Law & Order: The original. I still love it, even though the cast keeps changing. But I like the split between mystery and law drama. And they can still wrap it up in an hour. Nice work!

The Office: Love it! It's gotten away from the British original, but it's still hilarious. Steve Carrell. I loved the Gaydar on the last episode. Gaydar!

Scrubs: In reruns every night on KJZZ. Twice in a row. Nothing takes away the sting of grading like comedy and Fudge Reese's Peanut Butter Cups (MB brought these into the house. I must kill him!). And beer.

Also I watch Mystery every Sunday as long as the Inspector Lynley mysteries are on. We love our British Crime Drama. And comedy.

But what happened to Love Monkey? Middlebrow and I were the only ones who watched it. But it was good. Tom Cavanagh!! He's Canadian!! C'mon!

Friday, September 22, 2006

In Chicago, My Hair is a Whole Different Person

It’s the humidity. No. It’s the heat.
Either way, suddenly, my hair
has a mind of its own. The usually neat
tidy strands, fill with water. No hair care
product can keep it in check. It’s wild,
footloose, a coif with no inhibitions,
hair on the loose, like an impudent child
suddenly allowed out. It’s a bitch, one
damn thing after the next, each tangle
with a complaint or idea of her own.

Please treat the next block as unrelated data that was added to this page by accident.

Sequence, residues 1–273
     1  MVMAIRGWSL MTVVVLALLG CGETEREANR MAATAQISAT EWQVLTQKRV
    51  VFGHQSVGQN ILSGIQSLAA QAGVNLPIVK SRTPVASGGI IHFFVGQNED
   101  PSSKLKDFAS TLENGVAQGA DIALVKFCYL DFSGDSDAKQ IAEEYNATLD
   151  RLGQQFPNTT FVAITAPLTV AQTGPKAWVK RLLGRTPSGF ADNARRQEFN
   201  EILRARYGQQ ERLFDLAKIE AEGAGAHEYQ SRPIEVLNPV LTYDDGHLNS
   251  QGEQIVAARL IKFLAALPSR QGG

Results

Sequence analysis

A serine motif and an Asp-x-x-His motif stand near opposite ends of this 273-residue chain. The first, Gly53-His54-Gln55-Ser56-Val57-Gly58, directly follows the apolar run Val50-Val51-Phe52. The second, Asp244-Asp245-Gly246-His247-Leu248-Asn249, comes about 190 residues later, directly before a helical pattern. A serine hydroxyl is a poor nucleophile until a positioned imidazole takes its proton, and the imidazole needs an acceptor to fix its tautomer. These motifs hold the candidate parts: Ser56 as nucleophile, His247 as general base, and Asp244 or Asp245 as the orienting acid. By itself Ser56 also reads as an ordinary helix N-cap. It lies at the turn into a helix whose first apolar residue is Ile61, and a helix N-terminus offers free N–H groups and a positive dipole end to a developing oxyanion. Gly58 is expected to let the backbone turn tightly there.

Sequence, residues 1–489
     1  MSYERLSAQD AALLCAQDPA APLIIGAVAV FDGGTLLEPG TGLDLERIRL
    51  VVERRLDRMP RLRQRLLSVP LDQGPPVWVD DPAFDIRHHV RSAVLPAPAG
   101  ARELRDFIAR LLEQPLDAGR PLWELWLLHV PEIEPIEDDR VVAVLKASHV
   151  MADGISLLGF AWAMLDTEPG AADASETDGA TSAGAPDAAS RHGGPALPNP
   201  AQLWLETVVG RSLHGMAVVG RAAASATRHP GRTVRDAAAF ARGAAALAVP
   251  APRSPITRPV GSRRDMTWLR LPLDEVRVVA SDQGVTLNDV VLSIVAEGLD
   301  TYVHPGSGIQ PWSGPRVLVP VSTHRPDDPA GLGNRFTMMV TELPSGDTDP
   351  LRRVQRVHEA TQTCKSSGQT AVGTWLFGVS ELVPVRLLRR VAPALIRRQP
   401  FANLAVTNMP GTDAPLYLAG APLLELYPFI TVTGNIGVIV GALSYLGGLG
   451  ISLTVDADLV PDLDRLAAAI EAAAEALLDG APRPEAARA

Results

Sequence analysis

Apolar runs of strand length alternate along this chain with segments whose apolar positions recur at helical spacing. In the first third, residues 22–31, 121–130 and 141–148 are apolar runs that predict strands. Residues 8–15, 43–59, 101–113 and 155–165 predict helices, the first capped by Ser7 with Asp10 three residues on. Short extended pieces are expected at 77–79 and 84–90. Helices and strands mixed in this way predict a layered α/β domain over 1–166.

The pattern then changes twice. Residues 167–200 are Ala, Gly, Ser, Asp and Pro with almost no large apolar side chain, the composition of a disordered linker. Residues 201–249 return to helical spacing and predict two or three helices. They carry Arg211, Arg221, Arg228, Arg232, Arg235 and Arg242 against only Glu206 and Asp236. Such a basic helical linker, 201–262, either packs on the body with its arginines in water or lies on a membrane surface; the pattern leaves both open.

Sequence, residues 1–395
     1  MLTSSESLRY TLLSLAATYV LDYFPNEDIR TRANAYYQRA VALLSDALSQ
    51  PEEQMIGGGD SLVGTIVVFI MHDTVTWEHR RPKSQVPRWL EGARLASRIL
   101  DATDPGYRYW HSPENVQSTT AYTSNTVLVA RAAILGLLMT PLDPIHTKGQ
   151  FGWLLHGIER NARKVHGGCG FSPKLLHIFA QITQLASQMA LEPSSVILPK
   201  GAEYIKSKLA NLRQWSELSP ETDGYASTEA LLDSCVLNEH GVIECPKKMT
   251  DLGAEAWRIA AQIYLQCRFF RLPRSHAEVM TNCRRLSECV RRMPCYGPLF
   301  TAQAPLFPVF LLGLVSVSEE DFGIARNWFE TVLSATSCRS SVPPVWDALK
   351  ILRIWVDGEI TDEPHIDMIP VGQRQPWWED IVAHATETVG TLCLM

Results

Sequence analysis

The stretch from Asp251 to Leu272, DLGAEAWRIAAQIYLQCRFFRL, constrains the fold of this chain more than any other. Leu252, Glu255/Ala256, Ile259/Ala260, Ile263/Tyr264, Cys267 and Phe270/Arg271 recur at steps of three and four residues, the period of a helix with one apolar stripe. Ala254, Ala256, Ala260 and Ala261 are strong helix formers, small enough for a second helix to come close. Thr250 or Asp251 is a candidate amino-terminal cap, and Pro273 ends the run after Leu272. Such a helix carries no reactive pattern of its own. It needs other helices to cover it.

Each heads out at a different angle
determined to look wind blown,
sexy. It doesn’t work. I look like that
psycho killer housewife. I need a hat.

Sunday, September 17, 2006

Weekend Wedding Redux

My favorite thing about the public transportation: The fact that it goes right by the upper windows of apartment buildings.

My old new favorite person: Dave, the poet. Doesn't he look arty? He took me to a cool pub where we had beer and dinner. He's thinking poetic thoughts.

New favorite activity: Throwing back a cold Old Style in a hip dive bar.

New favorite T-shirt: This pink one. I bought it the day before I left for the weekend. The flight attendant complimented me on the color. It cost $12.99.

My new bedtime: 3:30. Yes, a.m. These are the crazy people I was drinking and playing the name game with in their hotel room on Friday night. They are friends of the groom. What are their names? I can't remember. (But my best guess is: girl, Adam, Lance, Jamal)